There are few students in epidemiological modeling and analysis who can resist the temptation to fit a theoretical disease model to real epidemic data. A recent DNA fingerprinting project from Masiphumelele, a township near Cape Town, offered such a temptation. The result is a short journey into the world of statistically rare events, in this case brought about by the relatively small size of Masiphumele and by the slow reactivation rates of TB.
The dataset consists of registered TB events, corresponding to the approximate time when a TB transmission event occurred (1). Clusters formed by TB strains isolates W451 and CC100 among HIV+ cases were particularly striking. These clusters may point to ongoing transmission, which could exasperate the already desperate situation in the township. A number of questions arise. The data show apparent clusters, but what are the properties of a typical cluster? Are the clusters we see the result of correlated infection events, e.g. an infection chain between HIV+ TB cases, or do they simply appear to be clustered when in reality there is no connection (correlation in statistical parlance) between them?
Mathematical theory of point processes
The best guide for this journey is the statistical theory of point processes. It helps us frame the questions we need to ask in order to interpret TB event data correctly. We developed a point process theory for TB events starting from the simple differential equation dynamical model we previously developed to understand the population level (macroscopic) aspects of TB in this community (2). To start building a point process theory for the TB model, we developed a dynamical description of all the random events that occur in the model, comprising birth, death, primary infection, re-infection and endogenous-activation events among susceptible, latently and actively infected sub-populations. To make this step analytically tractable we used only one HIV state in the model.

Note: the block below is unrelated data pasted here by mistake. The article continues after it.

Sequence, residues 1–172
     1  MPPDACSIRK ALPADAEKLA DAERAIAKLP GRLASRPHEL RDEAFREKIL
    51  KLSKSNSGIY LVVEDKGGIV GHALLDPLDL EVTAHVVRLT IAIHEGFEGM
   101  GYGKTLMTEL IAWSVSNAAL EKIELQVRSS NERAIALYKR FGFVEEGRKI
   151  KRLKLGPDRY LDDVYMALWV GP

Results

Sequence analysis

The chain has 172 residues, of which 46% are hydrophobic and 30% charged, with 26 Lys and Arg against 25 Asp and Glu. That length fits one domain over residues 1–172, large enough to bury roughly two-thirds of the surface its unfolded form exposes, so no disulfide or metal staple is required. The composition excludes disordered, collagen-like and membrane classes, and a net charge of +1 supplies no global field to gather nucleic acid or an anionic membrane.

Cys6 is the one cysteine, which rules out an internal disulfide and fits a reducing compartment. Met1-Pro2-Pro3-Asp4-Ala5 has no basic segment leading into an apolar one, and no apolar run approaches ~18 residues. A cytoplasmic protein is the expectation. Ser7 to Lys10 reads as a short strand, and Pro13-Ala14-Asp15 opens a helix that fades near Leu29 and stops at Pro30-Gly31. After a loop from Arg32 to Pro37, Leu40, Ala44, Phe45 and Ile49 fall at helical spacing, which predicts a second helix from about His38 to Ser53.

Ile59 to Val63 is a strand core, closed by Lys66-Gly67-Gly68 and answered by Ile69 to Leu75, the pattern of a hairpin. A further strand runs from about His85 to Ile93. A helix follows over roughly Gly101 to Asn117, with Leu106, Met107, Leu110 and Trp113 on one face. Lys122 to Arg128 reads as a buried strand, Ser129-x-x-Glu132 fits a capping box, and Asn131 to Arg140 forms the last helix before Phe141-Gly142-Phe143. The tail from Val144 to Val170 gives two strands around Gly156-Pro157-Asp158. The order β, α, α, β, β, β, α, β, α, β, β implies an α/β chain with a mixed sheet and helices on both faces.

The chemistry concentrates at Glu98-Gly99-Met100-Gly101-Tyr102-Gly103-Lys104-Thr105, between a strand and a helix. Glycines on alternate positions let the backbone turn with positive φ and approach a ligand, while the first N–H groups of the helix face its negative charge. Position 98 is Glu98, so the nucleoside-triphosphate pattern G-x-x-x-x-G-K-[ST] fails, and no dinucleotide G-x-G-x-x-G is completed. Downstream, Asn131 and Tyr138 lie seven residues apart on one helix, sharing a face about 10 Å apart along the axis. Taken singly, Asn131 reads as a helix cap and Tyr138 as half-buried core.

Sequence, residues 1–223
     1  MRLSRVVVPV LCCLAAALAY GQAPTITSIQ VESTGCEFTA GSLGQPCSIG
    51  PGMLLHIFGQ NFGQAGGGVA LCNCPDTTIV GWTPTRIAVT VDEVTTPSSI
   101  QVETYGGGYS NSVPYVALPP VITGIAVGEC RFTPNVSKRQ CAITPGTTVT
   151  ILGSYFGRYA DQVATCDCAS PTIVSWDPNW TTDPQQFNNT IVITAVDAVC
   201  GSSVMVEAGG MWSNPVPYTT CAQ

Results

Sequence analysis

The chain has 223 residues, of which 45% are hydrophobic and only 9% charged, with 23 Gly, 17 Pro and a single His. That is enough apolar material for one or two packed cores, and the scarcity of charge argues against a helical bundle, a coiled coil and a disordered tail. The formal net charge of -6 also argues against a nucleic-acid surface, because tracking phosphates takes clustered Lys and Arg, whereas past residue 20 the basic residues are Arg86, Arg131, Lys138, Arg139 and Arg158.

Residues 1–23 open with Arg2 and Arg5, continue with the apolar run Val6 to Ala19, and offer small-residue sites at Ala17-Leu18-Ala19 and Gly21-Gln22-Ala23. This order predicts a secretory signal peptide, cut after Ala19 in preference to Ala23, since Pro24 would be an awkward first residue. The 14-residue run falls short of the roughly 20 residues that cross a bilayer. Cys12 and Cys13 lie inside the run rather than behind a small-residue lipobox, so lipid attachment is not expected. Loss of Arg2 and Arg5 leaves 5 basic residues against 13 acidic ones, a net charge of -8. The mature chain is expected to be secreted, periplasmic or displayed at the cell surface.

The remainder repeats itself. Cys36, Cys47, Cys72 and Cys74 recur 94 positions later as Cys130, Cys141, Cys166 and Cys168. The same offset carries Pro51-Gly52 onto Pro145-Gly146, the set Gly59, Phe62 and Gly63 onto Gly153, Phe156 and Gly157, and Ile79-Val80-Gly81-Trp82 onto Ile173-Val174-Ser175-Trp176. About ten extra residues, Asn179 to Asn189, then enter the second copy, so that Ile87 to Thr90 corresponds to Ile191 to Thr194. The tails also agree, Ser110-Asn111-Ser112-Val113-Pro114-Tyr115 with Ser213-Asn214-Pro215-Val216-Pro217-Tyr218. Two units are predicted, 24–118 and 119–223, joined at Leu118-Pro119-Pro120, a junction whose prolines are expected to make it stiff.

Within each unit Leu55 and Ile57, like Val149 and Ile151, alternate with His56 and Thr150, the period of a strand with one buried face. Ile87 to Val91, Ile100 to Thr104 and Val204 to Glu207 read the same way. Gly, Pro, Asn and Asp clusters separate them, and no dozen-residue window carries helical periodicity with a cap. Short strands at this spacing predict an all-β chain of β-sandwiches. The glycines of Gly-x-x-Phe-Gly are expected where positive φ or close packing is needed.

We then used van Kampen’s ‘population size’ expansion to derive a differential equation for the variances and co-variances of these random and fluctuating events (3,4). This is a so-called Fokker–Planck equation (FPE) and it describes the fluctuations as Gaussian noise around the equilibrium population level model. We solved the differential FPE with a standard ordinary differential equations (ODE) solver in Matlab, and checked the result against Gillespie’s stochastic simulation technique (5). Finally, we used the FPE to study the temporal aspects of TB clusters, and obtained an understanding of the timescale between active TB events.
Insights from point process theory
The first insight from the model applies to many deterministic models (see (2) for a summary)) used nowadays to model epidemics at the community level. We showed that fluctuations in the population variables (i.e. the variables that keep track of the number of susceptible, latently and actively infected individuals) become small relative to the size of the sub-populations when the population size is closer to 40,000. Given that many TB interventions and trials are often run and evaluated at a community level, we should expect a significant level of uncertainty in population-level estimates derived from macroscopic models. This uncertainty is seldom explicitly handled in the growing field of epidemic modeling, even for models applied to small communities.
The two-time correlation function
The next important insight from the model derives from the so-called two-time correlation function for events g2(t1,t2) (3, p. 41). It measures increased probability of observing an event of a particular type at time t2, given an event of a certain type at time t1. This is equivalent to measuring the degree to which the joint density of events at t1 and t2 is greater than the density at t1 and t2. This can be thought of as reflecting the causal influence of the first event on the second via both direct (e.g. infection, reactivation) and indirect routes (chains of such events): what is the increase in probability for an event to occur at t2 knowing that another event occurred at t1? Note that the events do not have to be of the same type.